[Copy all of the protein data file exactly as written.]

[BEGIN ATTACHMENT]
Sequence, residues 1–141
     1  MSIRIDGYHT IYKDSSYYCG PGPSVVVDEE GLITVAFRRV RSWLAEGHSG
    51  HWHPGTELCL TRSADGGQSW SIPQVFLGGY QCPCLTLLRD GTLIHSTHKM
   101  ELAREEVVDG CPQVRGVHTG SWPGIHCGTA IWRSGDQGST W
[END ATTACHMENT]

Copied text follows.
Sequence, residues 1–141
     1  MSIRIDGYHT IYKDSSYYCG PGPSVVVDEE GLITVAFRRV RSWLAEGHSG
    51  HWHPGTELCL TRSADGGQSW SIPQVFLGGY QCPCLTLLRD GTLIHSTHKM
   101  ELAREEVVDG CPQVRGVHTG SWPGIHCGTA IWRSGDQGST W